In light of this history, the court now turns to the pleading requirements of the current version of § 14–295, which provides in relevant part: “In any civil action to recover damages resulting from personal injury, wrongful death or damage to property, the trier of fact may award double or treble damages if the injured party has specifically pleaded that another party has deliberately or with reckless disregard operated a motor vehicle in violation of section 14–218a, 14–219, 14–222, 14–227a, 14–230, 14–234, 14–237, 14–239 or 14–240a, and that such violation was a substantial factor in causing such injury, death or damage to property.” In resolving this question, the court will apply “settled rules of construction for the purpose of ascertaining legislative intent, beginning with the plain meaning rule set forth in General Statutes § 1–2z.” 2 Cordero v. University of Connecticut Health Center, 308 Conn. 215, 224–25, 61 A.3d 514 (2013). Since an examination of the text of § 14–295 and related statutes yields an ambiguity, the court will also utilize extra textual sources, including the legislative history and circumstances surrounding the statute's enactment, the legislative policy it was designed to implement and its relationship to common law principles governing the same general subject matter. Id.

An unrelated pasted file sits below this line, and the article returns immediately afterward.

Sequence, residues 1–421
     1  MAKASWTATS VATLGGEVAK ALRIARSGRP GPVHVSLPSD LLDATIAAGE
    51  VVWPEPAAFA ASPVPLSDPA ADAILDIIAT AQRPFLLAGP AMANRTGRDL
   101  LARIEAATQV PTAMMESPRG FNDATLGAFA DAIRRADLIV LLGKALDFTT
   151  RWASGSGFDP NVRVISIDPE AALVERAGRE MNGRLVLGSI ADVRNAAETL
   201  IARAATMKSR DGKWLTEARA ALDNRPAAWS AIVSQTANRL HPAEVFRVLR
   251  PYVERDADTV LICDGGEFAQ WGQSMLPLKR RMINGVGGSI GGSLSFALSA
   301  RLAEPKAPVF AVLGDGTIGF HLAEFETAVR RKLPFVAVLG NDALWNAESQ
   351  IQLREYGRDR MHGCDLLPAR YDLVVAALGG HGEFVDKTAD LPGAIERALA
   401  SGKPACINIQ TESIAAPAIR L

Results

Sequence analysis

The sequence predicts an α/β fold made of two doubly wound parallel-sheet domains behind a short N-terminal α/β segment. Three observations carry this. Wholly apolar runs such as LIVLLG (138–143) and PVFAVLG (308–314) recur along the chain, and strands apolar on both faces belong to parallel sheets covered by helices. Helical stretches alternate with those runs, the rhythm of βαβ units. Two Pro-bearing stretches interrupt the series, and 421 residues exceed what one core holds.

There can be no serious dispute that prior to the 1988 amendment of § 14–295, Connecticut case law held that it was necessary for the injured party to clearly state such facts as will bring the case within the provisions statute. Leone v. Knighton, supra, 196 Conn. 496. But when one attempts to apply this pleading standard to the current version of the statute, two potential problems arise. The first potential problem is that courts analyzing any of the pre–1988 versions of § 14–295 never had occasion to determine the precise issue of whether the injured party must plead specific facts supporting a “more than mere negligence” tortfeasor culpability. See Jack v. Scanlon, supra, 4 Conn.App. 458 (recognizing judicial creation of “more than mere negligence” standard based on culpability of defendant's conduct). This is because before the 1909 revision, treble damages were automatically available for a merely negligent violation of the statute. Bishop v. Kelly, supra, 206 Conn. 620. And even after the statute's 1909 revision, the statute itself did not require more than negligence—that requirement was created by ‘judicial gloss” when the statute was revised to give judges discretion to impose multiple damages. Id., 614. Between the 1909 and 1988 revisions, if the judge found that the tortfeasor was more than merely negligent and determined that multiple damages were appropriate, he or she would impose them after the jury found a violation of rules of the road. See Goldfarb v. Bragg, 39 Conn.Sup. 228, 229–30, 475 A.2d 346 (1983); Eustice v. Adley Express Co., 1 Conn.Sup. 58, 59 (1935). If the judge determined that double or treble damages were not appropriate because the tortfeasor was merely negligent, the injured party would be entitled only to compensatory damages under a common law negligence theory, separate and distinct from § 14–295 and its post–1909 predecessors. See Stevens v. Kelley, supra, 66 Conn. 574; Goldfarb v. Bragg, supra, 229–30; Eustice v. Adley Express Co., supra, 59.